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A Paradox Of Faith

Updated on July 6, 2013
Every time God sharpens the vision of His call in my life, the more I am drawn to move further away from my independence.
Every time God sharpens the vision of His call in my life, the more I am drawn to move further away from my independence.

Wrestling with God's Call in My Life

Have you come to a place where you find yourself wrestling with God and His calling upon your life? Has He touched and blessed you as He did with Jacob, by putting your life out of joint? (Gen 32:24-32) Do you find yourself not only limping but also leaning hard upon Him?

Every time God sharpens the vision of His call in my life, the more I am drawn to move further away from my independence. As I have uprooted my family and left the security of my homeland, I find myself constantly between places. And the Lord has kept me on the move as I trek through a terrain that is dotted with doubt and uncertainty. The challenges that I face today are sometimes strange or seemingly impossible. What does God have in store for my future? How will I fend for my family? And yes, are we there yet? God has allowed me to go ‘thus far and no further’ in my understanding of His will for my life at this junction. I am torn at a crossroad decision of going back to what I think is safe and sound over and against moving ahead toward God’s best interest for me and my tribe. Do I see my circumstances through the eyes of the flesh saving my own skin and kin or should I look at it through the eyes of faith and trust the way that God would have me go?

I am reminded of a passage in the Bible that focuses on the divine call upon Abraham’s life: “By faith Abraham, when called to go to a place he would later receive as his inheritance, obeyed and went, even though he did not know where he was going” (Heb 11:8). The first half of this verse sounds spiritually logical to the degree that a human being hears a divine call upon his life and by an act of faith, responds to this divine call. In obedience coupled with the knowledge that he would receive a promised inheritance in the future, Abraham took action. In fact, the words, ‘when called’ in the Greek indicates a very prompt or quick-to-please obedience. God called and Abraham answered by acting upon that call ‘by faith.’ I can see how Abraham wasted no time wanting to please God by taking his barren wife, packing their belongings, and getting the show on the road regardless of the unknown obstacles that they may encounter along the way. The latter half of this verse is another one of those paradoxes in the Christian experience. Mind you, a paradox is a clear contradiction. Abraham answers the call with no clue where all this will lead—he did not know where he was going.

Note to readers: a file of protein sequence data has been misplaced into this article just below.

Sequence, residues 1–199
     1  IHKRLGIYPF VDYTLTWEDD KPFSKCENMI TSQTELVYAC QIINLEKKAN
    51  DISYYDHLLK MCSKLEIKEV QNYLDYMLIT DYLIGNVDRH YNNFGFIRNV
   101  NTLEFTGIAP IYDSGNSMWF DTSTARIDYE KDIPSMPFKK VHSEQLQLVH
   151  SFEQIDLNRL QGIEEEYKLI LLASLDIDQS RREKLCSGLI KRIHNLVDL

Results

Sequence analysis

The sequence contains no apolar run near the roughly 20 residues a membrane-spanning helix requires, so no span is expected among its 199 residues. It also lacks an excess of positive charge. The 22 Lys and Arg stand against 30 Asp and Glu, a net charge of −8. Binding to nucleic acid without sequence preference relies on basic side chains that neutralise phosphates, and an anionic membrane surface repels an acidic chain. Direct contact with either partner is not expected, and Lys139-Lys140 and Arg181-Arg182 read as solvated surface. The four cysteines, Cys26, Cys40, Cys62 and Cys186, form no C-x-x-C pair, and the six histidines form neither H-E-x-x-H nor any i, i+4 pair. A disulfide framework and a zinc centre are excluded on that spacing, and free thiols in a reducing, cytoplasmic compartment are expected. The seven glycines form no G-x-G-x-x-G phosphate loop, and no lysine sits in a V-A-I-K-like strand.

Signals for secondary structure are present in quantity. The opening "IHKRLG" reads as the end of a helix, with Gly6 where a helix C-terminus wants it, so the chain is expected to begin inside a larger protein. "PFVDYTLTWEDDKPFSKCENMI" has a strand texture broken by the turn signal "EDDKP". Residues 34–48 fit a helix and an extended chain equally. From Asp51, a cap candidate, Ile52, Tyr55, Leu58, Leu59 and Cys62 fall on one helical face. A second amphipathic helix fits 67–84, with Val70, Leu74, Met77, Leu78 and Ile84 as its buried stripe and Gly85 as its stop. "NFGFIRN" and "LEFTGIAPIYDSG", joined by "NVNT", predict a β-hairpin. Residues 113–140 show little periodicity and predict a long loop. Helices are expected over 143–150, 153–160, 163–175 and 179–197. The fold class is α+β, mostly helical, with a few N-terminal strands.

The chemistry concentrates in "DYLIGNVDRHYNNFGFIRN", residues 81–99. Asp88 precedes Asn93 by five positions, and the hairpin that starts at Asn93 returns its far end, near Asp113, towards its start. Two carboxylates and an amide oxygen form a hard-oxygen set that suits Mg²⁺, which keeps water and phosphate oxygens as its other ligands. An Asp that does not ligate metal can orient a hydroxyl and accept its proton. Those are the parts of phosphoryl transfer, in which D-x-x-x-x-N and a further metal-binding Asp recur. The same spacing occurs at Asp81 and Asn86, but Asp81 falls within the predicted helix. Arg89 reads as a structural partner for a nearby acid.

Do you sense a similar calling? You’re in good company. Abraham’s response ushers him toward an undiscovered country that he has never seen nor heard of before. The paradoxical path he chose could only be grounded in faith! God tells this ancient pilgrim, “Abe, you’ve got to follow me and go figure—by faith, that is, and not by sight” (2 Cor 5:7). As fellow sojourners, we live out the reality of our lives in a constant ‘paradox of faith.’ The world tried to convince those who have gone before us that ‘to see is to believe,’ but dependence upon God means ‘to believe before we see.’ And it is impossible to experience God’s call upon your life apart from faith.

Copyright 2009, Gicky Soriano. All rights reserved.


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    • Gicky Soriano profile imageAUTHOR

      Gicky Soriano 

      11 years ago from California

      Thanks Cristina. I appreciate your comment and visit.

    • cristina327 profile image

      Cristine Santander 

      11 years ago from Manila

      This is indeed a great and inspiring hub. It takes a great faith to follow the calling of God in one's life. Thank you for sharing this. Remain blessed always.

    • Gicky Soriano profile imageAUTHOR

      Gicky Soriano 

      11 years ago from California

      I am currently studying the letter to the Hebrews. In fact, in the month of April a church requested that I preach on what I believe is arguably the most difficult passage in the New Testament to interpret- Heb 5:11-6:12. This third warning in the book tackles the temptation to go backwards and/or fall away. The reader's experience is intrinsically tied to the wilderness experience. As you stated, "there's no turning back when we follow Christ." The consequences can be staggering. Back in the day, God littered the desert with the bodies of those who had rebelled against Him.

    • Judah's Daughter profile image

      Judah's Daughter 

      11 years ago from Roseville, CA

      I know when I've faced the temptation to go backwards to what seemed secure, I am reminded of Israel when they had miraculously been delivered from generations of slavery, and because God led them into the desert and they were hungry, hot, tired, bored...they wanted to go back!! There is no turning back when we follow Christ, for to love this life means to lose it, but to lose it for Christ's sake is to save it. Amen!!


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